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Monster Island Expanded: The Giant Behemoth

By Trendorman
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The Giant Behemoth

Name: Giant Behemoth
Type: Kaiju
Genus: Thecodontosaurus
Diet: Omnivore
Discovery: 1958
Original Population: 2
Original Habitat: laurasia
Monster Island introduction: 2/13/1960
Monster Island habitat: Eastern shore
Population as of 2020: 1

The Giant Behemoth is the name of a late surviving Thecodontosaurus that existed on the ocean floor of where the
Laurasian subcontinent was located during the Permian era. In the spring of 1958 this kiaju wondered into a populated district
of the London. This particular large kaiju was mutated by a blast of nuclear radiation that was polluting the waters near London
due too nuclear bomb testing. The reason why this kaiju was awakened was the nuclear radiation mutating the body, was also slowly
killing it, thus the animal was trying to reach what was believed to have been its species original spawning ground which is where
modern London now stands.


As the creature reached the River Thames a nuclear sub shot a missile filled with radium into the animal, almost instantly sending
it into shock then death. A few days later a report was made that another of the same species, un-irradiated, was heading for the cost
of North Carolina. This individual was able to be captured and transported to the Monster Island holding facility for observation.
While at this time the corpse of the original Behemoth was also transported to the facility for autopsy and preservation.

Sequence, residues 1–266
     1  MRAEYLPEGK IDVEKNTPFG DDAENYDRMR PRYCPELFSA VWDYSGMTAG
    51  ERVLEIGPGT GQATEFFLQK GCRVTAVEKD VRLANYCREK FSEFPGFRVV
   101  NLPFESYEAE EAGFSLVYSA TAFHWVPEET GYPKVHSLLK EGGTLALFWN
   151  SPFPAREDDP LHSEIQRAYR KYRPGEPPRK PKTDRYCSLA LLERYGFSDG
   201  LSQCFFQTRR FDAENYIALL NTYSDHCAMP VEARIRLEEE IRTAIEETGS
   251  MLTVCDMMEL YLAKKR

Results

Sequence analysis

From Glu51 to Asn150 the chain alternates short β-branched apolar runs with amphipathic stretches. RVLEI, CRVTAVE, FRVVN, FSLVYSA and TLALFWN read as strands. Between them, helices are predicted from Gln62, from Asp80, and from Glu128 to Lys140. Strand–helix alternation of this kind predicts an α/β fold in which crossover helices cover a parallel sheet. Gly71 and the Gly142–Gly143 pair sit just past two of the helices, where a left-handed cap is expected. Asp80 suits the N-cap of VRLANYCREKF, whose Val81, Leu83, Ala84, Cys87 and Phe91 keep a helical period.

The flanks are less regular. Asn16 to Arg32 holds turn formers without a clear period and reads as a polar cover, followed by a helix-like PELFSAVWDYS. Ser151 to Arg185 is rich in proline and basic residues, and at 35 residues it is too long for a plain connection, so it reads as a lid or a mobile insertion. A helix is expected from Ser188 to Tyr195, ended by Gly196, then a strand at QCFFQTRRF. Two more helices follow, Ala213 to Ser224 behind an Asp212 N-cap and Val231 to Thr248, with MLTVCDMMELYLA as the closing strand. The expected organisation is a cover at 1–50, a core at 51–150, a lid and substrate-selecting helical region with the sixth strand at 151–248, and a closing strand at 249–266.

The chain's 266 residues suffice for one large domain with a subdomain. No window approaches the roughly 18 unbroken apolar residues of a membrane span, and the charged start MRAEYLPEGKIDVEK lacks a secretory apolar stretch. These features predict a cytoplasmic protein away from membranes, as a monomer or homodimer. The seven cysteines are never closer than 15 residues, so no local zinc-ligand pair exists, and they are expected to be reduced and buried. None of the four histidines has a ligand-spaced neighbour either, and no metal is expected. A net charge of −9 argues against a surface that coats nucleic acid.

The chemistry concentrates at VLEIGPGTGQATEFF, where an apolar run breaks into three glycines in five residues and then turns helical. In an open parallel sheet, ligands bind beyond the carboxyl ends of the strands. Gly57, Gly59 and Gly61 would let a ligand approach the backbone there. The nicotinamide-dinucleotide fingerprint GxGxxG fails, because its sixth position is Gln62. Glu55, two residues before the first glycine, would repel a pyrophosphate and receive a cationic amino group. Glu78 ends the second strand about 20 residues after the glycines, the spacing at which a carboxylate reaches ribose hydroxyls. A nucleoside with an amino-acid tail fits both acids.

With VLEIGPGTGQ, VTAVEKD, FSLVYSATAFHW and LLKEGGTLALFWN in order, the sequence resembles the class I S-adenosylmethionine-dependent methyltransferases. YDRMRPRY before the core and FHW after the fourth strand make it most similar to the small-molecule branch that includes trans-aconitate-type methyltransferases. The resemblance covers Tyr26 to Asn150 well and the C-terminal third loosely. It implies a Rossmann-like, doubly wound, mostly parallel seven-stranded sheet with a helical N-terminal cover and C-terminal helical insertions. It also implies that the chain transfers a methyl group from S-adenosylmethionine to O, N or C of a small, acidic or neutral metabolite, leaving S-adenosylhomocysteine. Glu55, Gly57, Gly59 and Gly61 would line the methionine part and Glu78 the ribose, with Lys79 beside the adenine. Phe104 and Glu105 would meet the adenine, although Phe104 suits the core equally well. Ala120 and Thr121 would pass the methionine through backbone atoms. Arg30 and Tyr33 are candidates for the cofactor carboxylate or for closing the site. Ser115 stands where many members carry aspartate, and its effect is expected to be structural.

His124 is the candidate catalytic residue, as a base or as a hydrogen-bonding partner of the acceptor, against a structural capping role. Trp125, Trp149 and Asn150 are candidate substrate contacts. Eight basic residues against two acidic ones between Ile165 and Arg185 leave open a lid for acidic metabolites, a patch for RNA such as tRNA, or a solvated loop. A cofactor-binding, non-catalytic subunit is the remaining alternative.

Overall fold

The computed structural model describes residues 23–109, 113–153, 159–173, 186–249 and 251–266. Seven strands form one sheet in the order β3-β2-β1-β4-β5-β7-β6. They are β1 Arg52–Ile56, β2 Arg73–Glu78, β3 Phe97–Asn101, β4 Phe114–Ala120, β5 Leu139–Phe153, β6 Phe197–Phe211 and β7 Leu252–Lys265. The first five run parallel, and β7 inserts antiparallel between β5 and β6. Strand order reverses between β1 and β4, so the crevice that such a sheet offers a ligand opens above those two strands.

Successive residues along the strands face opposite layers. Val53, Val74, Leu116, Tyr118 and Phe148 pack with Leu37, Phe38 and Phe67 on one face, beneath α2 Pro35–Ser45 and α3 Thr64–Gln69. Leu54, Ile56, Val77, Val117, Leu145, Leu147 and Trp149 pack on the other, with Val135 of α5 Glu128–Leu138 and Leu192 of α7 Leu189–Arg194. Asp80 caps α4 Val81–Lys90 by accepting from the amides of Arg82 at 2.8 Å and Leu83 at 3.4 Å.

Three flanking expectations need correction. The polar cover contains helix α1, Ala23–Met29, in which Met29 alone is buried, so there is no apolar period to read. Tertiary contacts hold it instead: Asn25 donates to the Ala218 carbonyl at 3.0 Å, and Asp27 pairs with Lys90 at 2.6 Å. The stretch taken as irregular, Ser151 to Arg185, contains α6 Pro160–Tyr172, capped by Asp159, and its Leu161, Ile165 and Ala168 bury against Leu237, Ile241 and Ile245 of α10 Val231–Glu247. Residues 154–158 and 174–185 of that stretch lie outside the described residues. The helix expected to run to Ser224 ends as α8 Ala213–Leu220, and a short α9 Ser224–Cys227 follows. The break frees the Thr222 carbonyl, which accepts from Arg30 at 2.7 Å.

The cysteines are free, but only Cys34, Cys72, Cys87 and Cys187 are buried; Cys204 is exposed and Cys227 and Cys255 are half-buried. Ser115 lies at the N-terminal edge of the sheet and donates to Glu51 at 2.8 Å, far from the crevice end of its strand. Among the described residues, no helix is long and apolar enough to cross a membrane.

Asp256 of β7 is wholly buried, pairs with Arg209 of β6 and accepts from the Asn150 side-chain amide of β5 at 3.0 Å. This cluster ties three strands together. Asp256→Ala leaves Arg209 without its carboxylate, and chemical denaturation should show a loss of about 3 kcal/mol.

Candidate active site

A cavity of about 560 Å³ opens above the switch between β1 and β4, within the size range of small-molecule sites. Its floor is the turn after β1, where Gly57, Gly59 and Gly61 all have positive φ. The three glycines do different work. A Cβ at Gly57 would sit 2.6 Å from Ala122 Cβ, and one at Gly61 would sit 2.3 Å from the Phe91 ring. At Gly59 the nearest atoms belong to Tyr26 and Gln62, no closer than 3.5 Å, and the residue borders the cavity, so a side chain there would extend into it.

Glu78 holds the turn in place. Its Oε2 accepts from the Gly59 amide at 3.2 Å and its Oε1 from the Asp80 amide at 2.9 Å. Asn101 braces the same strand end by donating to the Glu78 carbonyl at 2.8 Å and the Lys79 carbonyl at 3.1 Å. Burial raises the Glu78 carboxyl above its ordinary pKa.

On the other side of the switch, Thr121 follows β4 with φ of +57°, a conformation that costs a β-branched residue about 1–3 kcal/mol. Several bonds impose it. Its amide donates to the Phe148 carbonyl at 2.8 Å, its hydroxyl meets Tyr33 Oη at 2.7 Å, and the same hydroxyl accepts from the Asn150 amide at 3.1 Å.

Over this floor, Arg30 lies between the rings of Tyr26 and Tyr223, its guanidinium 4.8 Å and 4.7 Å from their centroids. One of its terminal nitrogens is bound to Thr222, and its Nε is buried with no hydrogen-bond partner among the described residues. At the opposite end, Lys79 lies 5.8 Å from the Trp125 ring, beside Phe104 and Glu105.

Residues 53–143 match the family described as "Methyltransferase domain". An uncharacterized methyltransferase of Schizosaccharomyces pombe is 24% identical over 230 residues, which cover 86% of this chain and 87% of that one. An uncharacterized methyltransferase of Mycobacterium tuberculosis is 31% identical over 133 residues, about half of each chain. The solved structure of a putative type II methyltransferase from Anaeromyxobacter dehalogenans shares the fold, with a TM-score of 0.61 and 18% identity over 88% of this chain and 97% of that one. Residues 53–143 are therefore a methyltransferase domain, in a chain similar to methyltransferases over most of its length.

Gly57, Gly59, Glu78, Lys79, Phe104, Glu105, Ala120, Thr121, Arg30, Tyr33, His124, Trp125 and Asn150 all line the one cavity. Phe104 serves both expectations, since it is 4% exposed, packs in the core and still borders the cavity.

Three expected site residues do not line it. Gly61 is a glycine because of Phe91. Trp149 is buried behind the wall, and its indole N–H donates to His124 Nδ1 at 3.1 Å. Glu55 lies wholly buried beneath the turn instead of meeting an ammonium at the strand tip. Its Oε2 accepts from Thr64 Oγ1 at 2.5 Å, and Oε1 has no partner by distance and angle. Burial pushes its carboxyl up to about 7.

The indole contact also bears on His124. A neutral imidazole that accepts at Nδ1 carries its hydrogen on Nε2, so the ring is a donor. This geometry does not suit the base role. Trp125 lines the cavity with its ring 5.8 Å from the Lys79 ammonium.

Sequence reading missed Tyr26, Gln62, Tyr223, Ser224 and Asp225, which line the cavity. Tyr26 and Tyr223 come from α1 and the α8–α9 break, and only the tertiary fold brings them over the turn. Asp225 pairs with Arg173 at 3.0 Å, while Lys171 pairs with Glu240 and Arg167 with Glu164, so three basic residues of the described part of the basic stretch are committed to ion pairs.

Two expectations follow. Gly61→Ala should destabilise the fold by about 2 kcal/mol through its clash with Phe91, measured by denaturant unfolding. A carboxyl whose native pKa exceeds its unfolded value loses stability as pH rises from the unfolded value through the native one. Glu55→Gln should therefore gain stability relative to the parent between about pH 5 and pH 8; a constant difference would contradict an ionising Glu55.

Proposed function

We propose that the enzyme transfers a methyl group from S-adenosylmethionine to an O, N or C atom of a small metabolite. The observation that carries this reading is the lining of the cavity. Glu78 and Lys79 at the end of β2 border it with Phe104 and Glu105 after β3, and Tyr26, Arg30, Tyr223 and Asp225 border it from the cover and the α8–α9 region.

Studies of the live and dead specimens showed this species of dinosaur could create large electric pulses, similar to that of
an electric eel but at a much higher voltage which proved very dangerous for capture and containment.


Being the size of the individuals was competing with that of larger sauropod dinosaurs, the living specimen was taken to
Monster Island and released along the mid eastern shores near the opening of the river leading to the Freshwater sea.
The kaiju being unable to traverse the storming sea around the islands waters, it settled offshore of the eastern side of the
island, feeding on a large variety of aquatic life such as sharks, whales, larger fish and marine reptiles among other species.


The Giant Behemoth has shown no signs of age despite the passing of 60 years by 2020 while being fully active. Both living and
dead individual are male and as of 2020, no female of the species has been discovered, nor any other individuals.


(The Giant Behemoth film is from Artistes Allience,Ltd.)
IMAGE DETAILS
Image size
2582x1937px 3.23 MB
Make
samsung
Model
SM-G981U
Shutter Speed
1/60 second
Aperture
F/1.8
Focal Length
5 mm
ISO Speed
50
Date Taken
Sep 9, 2020, 12:02:24 AM
Published:
© 2020 Trendorman
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